Muhammad Yunus Sentenced to 6 Months in Jail for Labor Violations

A Bangladeshi labor court has convicted Nobel Peace Laureate Muhammad Yunus and three of his associates from Grameen Telecom, a company founded by Yunus, for violating the country’s labor laws. Each of the accused were sentenced to six months in jail on Monday. However, the court immediately granted all four bail, pending appeal.

Yunus was awarded the Nobel Peace Laureate for his work in poverty alleviation through the establishment of Grameen Bank in 1976. The bank pioneered microcredit organizations, which offer micro-loans and do not require collateral. In 1997, Yunus also founded Grameen Telecom, aiming to enhance telecommunication services in rural areas through the Village Phone Programme. It is this second organization that is at the center of the charges against Yunus and his three associates.

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The criminal suit, filed by the Department of Inspection of Factories and Establishments (DIFE), alleged that 67 employees should have been made permanent under Section 4 (7) (8) of the Bangladesh Labour Act of 2006. Grameen Telecom argued that the employees were hired on a contractual basis, renewable every three years, in alignment with their business activities. Specifically, Grameen Telecom cited the three-year contracts with Nokia Care and Huawei Care for the Village Phone Programme.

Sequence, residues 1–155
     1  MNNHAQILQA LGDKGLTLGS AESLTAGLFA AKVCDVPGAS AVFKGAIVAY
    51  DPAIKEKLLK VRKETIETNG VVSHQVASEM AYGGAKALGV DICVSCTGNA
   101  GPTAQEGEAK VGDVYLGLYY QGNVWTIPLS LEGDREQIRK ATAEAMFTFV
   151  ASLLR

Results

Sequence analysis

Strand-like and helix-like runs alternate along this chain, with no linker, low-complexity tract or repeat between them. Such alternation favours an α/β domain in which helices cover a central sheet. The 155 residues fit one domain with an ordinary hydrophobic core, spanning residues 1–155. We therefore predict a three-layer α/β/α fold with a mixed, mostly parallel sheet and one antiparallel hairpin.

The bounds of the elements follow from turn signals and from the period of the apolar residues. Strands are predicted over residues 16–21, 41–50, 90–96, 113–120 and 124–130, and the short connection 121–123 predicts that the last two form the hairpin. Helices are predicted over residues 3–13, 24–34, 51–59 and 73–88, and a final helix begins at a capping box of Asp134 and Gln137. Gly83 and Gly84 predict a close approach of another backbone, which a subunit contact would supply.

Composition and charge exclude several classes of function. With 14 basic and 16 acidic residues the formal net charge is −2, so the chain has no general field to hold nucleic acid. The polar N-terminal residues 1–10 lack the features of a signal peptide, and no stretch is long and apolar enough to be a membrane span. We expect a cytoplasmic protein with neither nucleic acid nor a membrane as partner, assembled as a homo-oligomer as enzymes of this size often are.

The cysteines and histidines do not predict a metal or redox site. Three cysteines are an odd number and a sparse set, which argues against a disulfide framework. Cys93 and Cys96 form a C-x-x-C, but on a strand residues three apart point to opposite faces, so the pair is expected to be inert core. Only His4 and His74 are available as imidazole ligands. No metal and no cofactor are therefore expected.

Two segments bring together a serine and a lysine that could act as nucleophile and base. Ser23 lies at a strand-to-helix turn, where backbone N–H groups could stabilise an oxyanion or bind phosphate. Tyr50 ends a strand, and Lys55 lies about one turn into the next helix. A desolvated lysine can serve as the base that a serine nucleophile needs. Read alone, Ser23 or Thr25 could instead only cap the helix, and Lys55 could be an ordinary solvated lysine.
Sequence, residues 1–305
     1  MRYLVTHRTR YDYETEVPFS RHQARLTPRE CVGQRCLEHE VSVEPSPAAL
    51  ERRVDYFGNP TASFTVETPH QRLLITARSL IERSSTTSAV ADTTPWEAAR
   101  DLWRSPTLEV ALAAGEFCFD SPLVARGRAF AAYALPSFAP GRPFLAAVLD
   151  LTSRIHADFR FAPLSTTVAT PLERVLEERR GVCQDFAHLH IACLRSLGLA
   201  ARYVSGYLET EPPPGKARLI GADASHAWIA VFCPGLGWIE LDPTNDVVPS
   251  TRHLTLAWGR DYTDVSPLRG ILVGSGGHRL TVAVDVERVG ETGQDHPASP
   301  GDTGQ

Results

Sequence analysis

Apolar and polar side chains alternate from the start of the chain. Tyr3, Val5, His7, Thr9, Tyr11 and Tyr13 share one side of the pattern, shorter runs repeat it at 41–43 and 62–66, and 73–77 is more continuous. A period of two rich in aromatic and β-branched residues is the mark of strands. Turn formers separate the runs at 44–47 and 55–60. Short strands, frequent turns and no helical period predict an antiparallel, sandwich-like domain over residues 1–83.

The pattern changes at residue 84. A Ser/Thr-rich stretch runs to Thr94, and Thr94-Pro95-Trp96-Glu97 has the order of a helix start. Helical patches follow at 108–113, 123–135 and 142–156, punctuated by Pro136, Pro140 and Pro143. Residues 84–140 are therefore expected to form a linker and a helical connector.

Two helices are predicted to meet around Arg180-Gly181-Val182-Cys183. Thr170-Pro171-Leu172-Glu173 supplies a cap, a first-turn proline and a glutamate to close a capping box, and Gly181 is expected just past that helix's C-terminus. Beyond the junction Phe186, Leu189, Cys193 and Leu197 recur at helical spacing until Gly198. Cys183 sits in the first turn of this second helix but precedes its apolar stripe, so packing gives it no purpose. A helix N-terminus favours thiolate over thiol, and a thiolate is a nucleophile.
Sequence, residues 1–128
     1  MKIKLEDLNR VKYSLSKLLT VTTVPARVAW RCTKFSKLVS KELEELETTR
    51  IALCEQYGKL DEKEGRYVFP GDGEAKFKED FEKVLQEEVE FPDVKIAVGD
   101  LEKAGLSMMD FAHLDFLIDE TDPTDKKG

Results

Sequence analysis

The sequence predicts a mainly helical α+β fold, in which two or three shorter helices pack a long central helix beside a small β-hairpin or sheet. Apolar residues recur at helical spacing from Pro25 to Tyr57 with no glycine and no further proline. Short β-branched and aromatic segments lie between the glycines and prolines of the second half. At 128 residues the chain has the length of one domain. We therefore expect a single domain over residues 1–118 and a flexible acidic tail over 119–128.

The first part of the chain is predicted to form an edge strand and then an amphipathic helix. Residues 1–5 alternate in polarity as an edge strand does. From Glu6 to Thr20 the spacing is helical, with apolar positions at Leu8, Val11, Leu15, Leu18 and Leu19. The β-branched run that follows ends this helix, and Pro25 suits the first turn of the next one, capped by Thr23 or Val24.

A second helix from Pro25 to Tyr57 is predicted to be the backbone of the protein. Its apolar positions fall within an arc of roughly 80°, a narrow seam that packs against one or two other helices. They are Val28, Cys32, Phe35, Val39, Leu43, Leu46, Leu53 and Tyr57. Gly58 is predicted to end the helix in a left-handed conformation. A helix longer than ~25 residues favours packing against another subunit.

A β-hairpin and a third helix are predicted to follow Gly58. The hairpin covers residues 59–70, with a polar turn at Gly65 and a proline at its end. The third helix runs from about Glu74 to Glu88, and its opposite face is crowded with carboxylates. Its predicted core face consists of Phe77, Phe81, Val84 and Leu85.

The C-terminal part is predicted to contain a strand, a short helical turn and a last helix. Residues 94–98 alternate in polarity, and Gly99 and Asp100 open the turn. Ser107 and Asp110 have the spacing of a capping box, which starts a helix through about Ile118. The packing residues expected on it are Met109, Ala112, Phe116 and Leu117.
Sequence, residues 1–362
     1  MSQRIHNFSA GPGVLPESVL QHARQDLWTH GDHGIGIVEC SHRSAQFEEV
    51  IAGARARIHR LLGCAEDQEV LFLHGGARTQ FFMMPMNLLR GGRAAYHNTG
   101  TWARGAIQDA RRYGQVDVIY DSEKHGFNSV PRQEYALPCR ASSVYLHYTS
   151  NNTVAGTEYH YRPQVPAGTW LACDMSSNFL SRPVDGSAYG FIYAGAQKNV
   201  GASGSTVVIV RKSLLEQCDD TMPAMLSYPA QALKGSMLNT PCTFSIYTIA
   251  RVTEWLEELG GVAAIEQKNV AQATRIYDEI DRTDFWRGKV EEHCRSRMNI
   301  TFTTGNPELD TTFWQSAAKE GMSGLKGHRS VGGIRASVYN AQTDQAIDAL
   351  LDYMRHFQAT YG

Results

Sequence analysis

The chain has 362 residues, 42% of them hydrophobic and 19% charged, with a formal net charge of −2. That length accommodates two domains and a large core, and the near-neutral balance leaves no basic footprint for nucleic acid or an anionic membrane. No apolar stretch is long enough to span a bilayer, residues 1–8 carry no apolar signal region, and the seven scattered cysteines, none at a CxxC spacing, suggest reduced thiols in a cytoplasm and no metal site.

DIFE also contended that Grameen Telecom failed to constitute 5 percent of its profits as Workers Participation Funds and Welfare Funds (WPPF) per Section 234 of the Labour Act. However, Grameen Telecom defended its position, citing its not-for-profit status under Section 28 of the Bangladesh Companies Act of 1994. According to the company, profits are not distributable and are instead reinvested to achieve social objectives. Employees were reportedly aware of this and did not demand the 5 percent WPPF for over a decade.

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In the verdict, the head of Third Labor Court of Dhaka Sheikh Merina Sultana upheld DIFE’s arguments, leading to the conviction of Yunus and his colleagues.

Grameen Telecom stated has claimed that the criminal charges filed against Yunus and his associates—who are non-executive board members with no proprietary interest in the company’s affairs—demonstrate a clear malicious intention to harass them. Grameen Telecom highlighted the availability of civil remedies under the Labour Act, which the employees could pursue against the employer-company for alleged deviations.

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Amnesty International condemned the verdict on Monday as a “blatant abuse of labour laws and the justice system,” linking it to Yunus’ work and political dissent. In August, a group of laureates, including Barack Obama, signed an open letter calling for an end to the perceived judicial harassment.

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